As a kid I got advice and counsel from the grandparents who raised me after raising their own kids. All my uncles except one were in WWII (one was too young to go, but went to Korea in the Army later). Bob was shot 3 different times during the Pacific campaign before they sent him home. Dave flew dozens of recon and bombing missions over France and Germany. Bill had a ship sink from damage in a typhoon in the western Pacific. John was an Army lawyer. My stepfather was a D.I. at Ft. Bragg. My bio-father was in state prison.
When my first dog died from some kind of disease (I was around 6 at the time), my grandmother told me that it was good because he was no longer in pain. My grandfather said, in essence, that’s life and for me to get over it. So he got me another dog. Think maybe their combined words to me on the event totaled around 50 or so.
My uncles told me never to come home with a bloody nose unless I had the other guy’s blood on my knuckles.
And EVERYbody, including the pastor at the Baptist church where my grandmother took me every Sunday morning, told me that if I did my chores, studied my homework, listened to my elders, and treated everybody the way I’d like them to treat me that my life would be pleasant and productive . . . hard at times, but rewarding.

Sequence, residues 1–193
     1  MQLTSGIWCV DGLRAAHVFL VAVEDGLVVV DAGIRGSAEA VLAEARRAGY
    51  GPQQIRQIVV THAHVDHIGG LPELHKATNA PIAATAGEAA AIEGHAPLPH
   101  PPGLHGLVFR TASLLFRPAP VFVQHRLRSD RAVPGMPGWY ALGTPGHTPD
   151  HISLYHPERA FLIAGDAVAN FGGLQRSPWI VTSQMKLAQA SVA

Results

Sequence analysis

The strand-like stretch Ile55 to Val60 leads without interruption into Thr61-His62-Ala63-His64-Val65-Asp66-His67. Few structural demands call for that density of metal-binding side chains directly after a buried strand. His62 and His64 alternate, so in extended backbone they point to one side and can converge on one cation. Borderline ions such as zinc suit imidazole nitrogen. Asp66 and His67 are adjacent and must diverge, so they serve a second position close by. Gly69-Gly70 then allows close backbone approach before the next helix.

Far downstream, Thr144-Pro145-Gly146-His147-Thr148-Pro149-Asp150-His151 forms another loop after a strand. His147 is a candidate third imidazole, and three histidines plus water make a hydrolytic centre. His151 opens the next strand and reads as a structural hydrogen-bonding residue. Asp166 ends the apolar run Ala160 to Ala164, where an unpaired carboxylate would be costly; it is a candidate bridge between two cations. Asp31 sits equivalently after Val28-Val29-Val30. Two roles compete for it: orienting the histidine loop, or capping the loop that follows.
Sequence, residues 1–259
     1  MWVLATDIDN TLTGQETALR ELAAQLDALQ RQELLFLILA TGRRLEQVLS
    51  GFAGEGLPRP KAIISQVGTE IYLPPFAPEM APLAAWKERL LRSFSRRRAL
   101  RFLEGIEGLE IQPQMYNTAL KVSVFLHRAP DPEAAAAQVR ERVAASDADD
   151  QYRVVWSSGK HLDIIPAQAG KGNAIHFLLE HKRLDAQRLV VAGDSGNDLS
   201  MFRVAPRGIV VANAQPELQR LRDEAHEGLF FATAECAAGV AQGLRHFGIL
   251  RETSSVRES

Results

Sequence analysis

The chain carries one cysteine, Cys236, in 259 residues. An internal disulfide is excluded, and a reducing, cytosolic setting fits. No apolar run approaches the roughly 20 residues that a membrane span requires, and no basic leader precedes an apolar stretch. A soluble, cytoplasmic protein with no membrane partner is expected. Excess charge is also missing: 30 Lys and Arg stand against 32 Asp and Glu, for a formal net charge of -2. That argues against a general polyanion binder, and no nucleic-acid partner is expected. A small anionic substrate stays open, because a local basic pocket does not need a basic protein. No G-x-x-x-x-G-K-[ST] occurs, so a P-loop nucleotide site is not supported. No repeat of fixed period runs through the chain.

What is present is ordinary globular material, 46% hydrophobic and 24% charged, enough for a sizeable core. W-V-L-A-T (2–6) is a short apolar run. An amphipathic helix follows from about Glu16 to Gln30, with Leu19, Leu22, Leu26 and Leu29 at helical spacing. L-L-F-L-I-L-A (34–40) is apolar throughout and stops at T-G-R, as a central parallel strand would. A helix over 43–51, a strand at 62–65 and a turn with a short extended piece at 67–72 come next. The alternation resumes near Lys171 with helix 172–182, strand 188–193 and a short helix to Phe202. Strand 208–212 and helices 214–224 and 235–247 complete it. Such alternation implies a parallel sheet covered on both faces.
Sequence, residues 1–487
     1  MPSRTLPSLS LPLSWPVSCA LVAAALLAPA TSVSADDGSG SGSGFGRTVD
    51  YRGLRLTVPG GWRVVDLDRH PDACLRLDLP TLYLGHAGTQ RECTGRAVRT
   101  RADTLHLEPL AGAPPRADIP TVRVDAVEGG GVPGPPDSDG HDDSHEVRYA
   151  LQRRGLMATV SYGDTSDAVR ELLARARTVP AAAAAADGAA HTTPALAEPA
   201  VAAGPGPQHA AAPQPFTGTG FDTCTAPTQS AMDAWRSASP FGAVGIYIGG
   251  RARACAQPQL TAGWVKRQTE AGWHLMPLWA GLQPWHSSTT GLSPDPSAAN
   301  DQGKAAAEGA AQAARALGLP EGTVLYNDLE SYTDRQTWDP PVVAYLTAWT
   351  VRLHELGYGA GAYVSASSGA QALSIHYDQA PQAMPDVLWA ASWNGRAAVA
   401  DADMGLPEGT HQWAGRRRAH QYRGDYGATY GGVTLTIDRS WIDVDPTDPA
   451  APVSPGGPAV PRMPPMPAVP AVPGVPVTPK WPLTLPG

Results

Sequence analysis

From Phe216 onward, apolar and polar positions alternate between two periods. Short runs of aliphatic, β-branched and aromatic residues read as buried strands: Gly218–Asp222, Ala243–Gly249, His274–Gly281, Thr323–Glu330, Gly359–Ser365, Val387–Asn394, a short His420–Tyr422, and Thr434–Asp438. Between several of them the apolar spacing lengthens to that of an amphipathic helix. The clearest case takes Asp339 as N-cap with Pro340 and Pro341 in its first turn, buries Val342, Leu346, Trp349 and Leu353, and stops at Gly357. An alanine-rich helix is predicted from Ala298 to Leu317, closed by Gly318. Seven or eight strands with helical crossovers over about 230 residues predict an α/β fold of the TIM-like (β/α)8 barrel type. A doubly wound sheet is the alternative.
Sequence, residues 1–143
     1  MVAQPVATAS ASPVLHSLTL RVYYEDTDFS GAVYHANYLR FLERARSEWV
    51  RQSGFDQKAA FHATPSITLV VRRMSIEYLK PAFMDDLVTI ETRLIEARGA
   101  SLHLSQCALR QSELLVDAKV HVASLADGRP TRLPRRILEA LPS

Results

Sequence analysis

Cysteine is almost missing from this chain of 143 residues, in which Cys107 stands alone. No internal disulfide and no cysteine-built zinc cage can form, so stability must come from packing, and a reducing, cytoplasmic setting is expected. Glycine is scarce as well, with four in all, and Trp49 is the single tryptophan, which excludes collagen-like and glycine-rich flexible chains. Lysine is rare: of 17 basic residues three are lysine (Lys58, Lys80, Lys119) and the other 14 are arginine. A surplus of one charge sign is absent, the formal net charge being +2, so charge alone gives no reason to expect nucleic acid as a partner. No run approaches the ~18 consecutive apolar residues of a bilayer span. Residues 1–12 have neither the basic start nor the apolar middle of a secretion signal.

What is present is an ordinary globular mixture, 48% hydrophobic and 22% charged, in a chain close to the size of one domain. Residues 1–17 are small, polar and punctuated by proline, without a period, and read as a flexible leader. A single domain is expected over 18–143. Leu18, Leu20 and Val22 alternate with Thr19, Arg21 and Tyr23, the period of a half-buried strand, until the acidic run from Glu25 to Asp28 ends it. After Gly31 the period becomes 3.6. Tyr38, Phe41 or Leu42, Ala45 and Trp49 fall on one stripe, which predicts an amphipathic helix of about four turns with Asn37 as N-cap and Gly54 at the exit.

In those days a large house might have as many as 4 generations living in it. Great Grampas died with dignity in their own beds in their own homes surrounded by their family. They weren’t warehoused in a facility managed by strangers. Death was a natural moment in the cycle of life and we all went to the funerals and listened to the preachers and then went home and had a big meals with pies and cakes and got on with life.
The kid with the best grades was the valedictorian. The kid who could run the fastest got the blue ribbon. The team that won the most games went to the sectionals and on to the regionals and finally to State if they played well enough. If they didn’t, they came home and started practicing for the next sport or the next season. They got the appropriate number of handshakes and pats on the back if they won, and brief “Nice try. You’ll get ’em next year” if they didn’t.
I donno what the hell went wrong along the way, but it sure’s hell did. I know that my life today is much more comfortable than it was when I was a kid. My wife and I have comforts and gadgets we couldn’t even dream of back in the 60s. And I understand how the mind tends to suppress the bad memories and exaggerate the good ones, but I know for certain that I had more fun between 1940 and 1980 than I’ve had in the 35 years since.
If someone had offered me grief counseling when Mother died, I’d have had no idea what to do with it. Just not the way I was raised. You put on your Big Boy hat and keep on keepin on. America the Wussified. (end of article)
Thanks so much, Bocopro! Z